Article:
Driving restrictions lifted nationwide for the holiday weekend but Cuenca will enforce local rules
Ecuadorians will be able to travel by private vehicle without restriction during the three-day Guayaquil independence holiday weekend. Although many of the country’s 221 municipalities have already lifted restrictions, some have not, making cross-country travel difficult. “All local governments have agreed to allow free vehicular circulation from Friday through Sunday so Ecuadorians can enjoy the holiday,” ECU-911 director Juan Zapata said Thursday.
In Cuenca, the nighttime ban on liquor sales and restrictions on large public gatherings remain in place, according to the local Emergency Operations Committee. The COE also said there would be increased police and Citizen Guard patrols of public areas and restaurants to insure that social distancing measures are being maintained. The sale of liquor is allowed in restaurants and cafes that serve food until midnight.
On Wednesday, Cuenca Vice Mayor Pablo Burbano said the COE had decided to keep bars and nightclubs closed due to the Covid-19 health threat. Earlier in the week, Burbano said that the ban was being reviewed and reopenings would be considered. “After consultation with health experts we determined that bars will not be allowed to reopen. Although cases of the coronavirus continue to decline in Cuenca, we feel it is too early to allow the operation of businesses selling liquor by the drink,” he said.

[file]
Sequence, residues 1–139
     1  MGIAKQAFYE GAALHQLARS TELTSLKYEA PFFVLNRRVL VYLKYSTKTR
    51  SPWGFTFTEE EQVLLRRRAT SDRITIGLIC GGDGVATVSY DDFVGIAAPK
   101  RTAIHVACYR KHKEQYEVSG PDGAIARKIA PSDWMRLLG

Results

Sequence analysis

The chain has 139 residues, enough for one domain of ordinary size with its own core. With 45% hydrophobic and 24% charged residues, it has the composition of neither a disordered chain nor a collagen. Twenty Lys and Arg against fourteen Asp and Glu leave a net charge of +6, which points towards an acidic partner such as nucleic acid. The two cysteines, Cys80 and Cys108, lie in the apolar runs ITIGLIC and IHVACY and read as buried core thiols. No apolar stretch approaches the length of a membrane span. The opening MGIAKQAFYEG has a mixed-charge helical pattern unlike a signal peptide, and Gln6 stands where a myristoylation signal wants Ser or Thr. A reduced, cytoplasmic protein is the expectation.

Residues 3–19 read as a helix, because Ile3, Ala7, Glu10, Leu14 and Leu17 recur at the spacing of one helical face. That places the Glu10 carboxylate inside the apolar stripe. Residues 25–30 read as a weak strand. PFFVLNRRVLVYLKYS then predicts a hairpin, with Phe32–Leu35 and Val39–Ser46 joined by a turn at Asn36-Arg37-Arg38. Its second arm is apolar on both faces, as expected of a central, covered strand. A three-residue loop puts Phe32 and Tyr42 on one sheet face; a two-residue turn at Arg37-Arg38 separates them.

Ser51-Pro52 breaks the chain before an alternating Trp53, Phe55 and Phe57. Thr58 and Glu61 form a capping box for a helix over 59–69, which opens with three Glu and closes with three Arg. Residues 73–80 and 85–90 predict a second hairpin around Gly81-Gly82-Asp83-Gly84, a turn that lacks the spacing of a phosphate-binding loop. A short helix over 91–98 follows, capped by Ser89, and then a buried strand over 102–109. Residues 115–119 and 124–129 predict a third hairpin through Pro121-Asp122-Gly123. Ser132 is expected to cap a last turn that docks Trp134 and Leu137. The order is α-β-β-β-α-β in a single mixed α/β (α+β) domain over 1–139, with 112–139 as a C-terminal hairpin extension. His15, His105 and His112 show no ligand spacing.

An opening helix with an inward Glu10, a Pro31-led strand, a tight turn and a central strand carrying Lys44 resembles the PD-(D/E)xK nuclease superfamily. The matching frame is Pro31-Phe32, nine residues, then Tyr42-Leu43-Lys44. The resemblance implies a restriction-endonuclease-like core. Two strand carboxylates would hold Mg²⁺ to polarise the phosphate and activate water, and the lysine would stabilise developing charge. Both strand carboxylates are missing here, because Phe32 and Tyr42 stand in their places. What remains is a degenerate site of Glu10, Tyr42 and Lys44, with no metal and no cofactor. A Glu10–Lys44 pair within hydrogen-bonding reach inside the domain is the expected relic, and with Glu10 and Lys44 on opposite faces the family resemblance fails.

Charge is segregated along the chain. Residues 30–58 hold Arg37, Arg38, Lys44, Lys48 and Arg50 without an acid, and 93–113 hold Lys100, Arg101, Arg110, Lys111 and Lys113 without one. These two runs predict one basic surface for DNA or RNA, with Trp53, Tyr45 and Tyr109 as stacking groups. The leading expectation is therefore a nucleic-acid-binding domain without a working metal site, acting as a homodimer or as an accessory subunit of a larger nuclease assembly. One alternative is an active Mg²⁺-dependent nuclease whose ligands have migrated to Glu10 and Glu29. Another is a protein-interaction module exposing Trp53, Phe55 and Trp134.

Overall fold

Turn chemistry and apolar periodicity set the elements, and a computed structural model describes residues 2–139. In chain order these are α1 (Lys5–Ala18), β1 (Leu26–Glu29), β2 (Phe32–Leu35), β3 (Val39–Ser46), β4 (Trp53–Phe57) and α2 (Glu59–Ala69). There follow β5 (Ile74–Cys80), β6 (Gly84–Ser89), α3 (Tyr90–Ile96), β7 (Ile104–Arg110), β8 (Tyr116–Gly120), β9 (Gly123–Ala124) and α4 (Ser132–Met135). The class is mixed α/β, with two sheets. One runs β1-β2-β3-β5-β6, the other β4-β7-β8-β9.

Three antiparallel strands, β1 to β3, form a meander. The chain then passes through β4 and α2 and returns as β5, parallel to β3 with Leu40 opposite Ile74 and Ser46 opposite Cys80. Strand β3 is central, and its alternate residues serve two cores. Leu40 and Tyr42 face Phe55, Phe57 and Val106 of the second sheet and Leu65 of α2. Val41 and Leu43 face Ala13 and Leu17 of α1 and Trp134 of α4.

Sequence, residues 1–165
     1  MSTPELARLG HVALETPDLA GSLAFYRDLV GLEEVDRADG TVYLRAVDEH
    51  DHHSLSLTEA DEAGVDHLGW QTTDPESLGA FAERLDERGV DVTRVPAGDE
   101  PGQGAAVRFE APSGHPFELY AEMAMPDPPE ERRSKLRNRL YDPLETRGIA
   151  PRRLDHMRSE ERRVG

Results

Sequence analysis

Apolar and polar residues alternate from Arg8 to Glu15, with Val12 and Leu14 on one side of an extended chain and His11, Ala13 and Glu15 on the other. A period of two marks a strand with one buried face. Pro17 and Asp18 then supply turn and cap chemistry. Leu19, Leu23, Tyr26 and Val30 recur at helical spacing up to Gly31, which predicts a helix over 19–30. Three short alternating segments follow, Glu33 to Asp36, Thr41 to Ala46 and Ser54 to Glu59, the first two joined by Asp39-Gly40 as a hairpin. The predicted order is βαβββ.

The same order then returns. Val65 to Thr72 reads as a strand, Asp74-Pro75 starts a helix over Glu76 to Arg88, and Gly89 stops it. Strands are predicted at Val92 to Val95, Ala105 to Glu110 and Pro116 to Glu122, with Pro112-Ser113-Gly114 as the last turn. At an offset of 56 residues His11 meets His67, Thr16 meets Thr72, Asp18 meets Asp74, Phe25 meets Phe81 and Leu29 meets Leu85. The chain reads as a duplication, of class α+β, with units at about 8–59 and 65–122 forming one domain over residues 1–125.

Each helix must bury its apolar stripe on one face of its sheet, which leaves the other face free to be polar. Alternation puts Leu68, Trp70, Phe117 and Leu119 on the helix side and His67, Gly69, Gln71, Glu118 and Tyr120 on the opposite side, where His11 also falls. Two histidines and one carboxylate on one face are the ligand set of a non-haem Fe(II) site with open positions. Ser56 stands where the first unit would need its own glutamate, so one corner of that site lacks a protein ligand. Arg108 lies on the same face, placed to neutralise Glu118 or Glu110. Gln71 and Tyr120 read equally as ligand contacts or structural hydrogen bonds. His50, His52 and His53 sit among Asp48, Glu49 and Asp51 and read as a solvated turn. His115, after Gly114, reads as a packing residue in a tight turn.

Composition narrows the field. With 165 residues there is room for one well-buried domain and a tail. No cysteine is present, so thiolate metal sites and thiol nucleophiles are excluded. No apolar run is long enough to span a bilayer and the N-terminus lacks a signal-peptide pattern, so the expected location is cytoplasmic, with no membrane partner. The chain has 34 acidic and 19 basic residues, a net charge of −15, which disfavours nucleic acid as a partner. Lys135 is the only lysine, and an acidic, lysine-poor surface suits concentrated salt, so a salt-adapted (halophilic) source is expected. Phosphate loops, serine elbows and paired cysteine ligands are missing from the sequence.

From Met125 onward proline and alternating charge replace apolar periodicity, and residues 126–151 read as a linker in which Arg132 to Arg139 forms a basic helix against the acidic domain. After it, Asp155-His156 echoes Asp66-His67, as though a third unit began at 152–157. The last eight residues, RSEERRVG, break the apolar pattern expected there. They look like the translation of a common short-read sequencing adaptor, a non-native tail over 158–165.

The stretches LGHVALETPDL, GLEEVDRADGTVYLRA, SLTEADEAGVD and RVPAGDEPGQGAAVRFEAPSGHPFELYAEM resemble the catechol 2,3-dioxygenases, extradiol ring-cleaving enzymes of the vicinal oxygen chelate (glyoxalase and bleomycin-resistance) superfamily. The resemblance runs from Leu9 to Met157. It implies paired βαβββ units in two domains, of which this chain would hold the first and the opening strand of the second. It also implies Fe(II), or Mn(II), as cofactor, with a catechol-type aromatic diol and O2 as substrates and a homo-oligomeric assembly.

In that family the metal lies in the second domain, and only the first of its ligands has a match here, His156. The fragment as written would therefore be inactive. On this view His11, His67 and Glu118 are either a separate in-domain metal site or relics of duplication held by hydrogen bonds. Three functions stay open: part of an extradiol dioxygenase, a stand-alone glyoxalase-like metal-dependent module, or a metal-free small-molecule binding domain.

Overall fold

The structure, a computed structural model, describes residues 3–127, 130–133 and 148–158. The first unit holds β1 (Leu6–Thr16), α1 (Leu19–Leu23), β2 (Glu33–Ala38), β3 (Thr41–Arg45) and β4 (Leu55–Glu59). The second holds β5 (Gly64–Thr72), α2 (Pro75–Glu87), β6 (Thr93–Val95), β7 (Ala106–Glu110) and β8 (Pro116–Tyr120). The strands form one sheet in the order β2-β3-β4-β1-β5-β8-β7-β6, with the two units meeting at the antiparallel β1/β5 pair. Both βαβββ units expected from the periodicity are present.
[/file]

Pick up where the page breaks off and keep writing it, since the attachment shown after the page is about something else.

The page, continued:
The Cuenca Hotel Association said Thursday it expects its best weekend since the health emergency went into effect in mid-March. “The hotels that remain open expect 25 to 30 percent occupancy this weekend which is relatively good news for our members,” a spokeswoman for the association said. “Last year, we had 90 percent occupancy for the holiday so we have a long way to go to return the sector to good health.”
Local restaurants also expect their largest crowds since March. “We look forward to a good weekend but the social distancing rules will restrict how many customers we can serve,” says Juan Pedro Gonzales, manager of Gran Cafe in Challuabamba. “We continue to be hurt by the fear of the Covid virus, since many of our customers are not going out to eat.”
Hotel owners on the coast say they expect occupancy rates of 50 percent or higher and some say they will at full capacity. To attract tourists, many hotels are advertising deep discounts with many nightly rates ranging from $15 to $35 in Manabi and Esmeraldas Provinces.
Almost all of the country’s beaches will be open for the holiday, some of them only reopening to the public last week.